Why your groceries might be delivered on a skateboard

~ Platform architectures and last mile delivery ~

The global market for last mile delivery vehicles is expected to grow by more than ten per cent by the end of this decade. One engineering innovation that is encouraging the adoption of EVs in this market segment is the introduction of skateboard architectures. Here, Roger Brereton, Head of Sales at commercial vehicle components manufacturer Pailton Engineering, introduces the key elements of the skateboard design and examines how it is particularly suited for last mile delivery vans.

The skateboard architecture, or skateboard platform, originated with General Motors in the early 2000s. Although in this instance it was used for a fuel cell vehicle, the platform has now become increasingly popular for EV manufacturers such as Tesla and Ree.

At the heart of the skateboard architecture is a modular platform resembling a skateboard deck, upon which all major vehicle components are mounted. This includes the battery pack, electric motor(s), suspension, braking systems and other crucial elements. Proponents of the concept argue that by consolidating these components into a single, flat chassis, manufacturers gain significant flexibility in designing various vehicle types.

A key benefit of this approach is the potential scalability. The modular design allows manufacturers to easily adjust the size, shape and payload capacity of the vehicle, without the need for extensive retooling or redesigning. In the new lexicon of EV manufacturing, different ‘top hats’ can be implemented on top of the skateboard platform, depending on the purpose of the vehicle.

Although some have questioned whether this design offers the same level of torsional stability that alternative chassis designs can provide, others have pointed to the benefits of placing heavy components like batteries near the centre of the vehicle and low to the ground. This provides a lower centre of gravity and therefore improved vehicle dynamics.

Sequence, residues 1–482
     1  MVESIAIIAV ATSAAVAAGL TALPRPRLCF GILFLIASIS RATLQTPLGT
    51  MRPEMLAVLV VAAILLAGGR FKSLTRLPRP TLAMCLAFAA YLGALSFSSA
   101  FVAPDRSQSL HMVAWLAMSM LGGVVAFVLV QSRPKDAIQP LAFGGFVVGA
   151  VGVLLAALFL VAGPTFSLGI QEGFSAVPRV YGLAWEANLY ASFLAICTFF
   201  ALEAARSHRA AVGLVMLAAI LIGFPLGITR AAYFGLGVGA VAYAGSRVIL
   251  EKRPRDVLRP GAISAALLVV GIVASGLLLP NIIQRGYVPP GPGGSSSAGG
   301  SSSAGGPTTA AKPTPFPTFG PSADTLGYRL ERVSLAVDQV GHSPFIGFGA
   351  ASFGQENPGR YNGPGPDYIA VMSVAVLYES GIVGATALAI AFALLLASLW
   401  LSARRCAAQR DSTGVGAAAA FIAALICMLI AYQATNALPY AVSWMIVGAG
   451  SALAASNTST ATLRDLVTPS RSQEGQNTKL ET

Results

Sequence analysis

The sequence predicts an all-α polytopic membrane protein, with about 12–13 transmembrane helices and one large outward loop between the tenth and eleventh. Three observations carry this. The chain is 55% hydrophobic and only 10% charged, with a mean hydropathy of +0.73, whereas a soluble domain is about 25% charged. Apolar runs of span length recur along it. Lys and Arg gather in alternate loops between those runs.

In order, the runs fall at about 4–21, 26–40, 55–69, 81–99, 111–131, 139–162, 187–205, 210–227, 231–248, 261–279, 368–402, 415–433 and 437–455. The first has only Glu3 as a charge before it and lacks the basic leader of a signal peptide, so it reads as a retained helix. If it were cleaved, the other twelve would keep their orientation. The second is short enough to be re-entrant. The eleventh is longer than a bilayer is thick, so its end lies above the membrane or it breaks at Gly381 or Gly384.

Skateboard architectures can help to advance the transition to e-mobility by standardising key components and using electric powertrains. Furthermore, the modular design facilitates easier maintenance and updates. Service technicians can quickly access and replace individual components, minimising downtime for fleet operators and reducing maintenance expenses over a vehicle’s lifetime.

Built for last mile logistics?

Having already become commonplace for EVs in the automotive sector, the skateboard design is poised to help facilitate the electrification of the light commercial vehicle (LCV) market. The LCV market is expected to grow steadily, with increased emphasis on last mile logistics, driven by the rise of e-commerce.

If we break this market into its different segments, as per a recent report by McKinsey and Company, we find that last mile delivery vehicles look particularly suited both to EV adoption and to the potential benefits of skateboard platforms. In general, the LCV market requires flexible platforms, as different vehicles are intended for different purposes.

The modular design of the skateboard architecture could be a benefit here, as the platform can be adapted for different roles and specialist upfitters can add different elements to the base vehicle, for example refrigeration units for delivering groceries. The platform design is also useful in providing significant space for storage — another advantage for a delivery vehicle.

When considering whether EV adoption is more or less likely in a specific market segment, a key factor is the relevance of range anxiety. Last mile delivery vehicles are less likely to face issues with range anxiety as they are travelling shorter distances in urban environments. If the promise of reduced maintenance costs also proves realistic, EVs could quickly become the preferred option for fleet managers in this sector.

The modularity and flexibility of the skateboard architecture is something that manufacturers of electric LCVs are turning to. Many new entrants in this market are focusing on a particular segment, with last mile delivery arguably the current frontrunner. It is becoming increasingly likely that in the next few years your groceries will be delivered on a skateboard.

Pailton Engineering supplies steering and suspension components for LCVs, including electric vehicles and last mile delivery vehicles. Find out more at pailton.com

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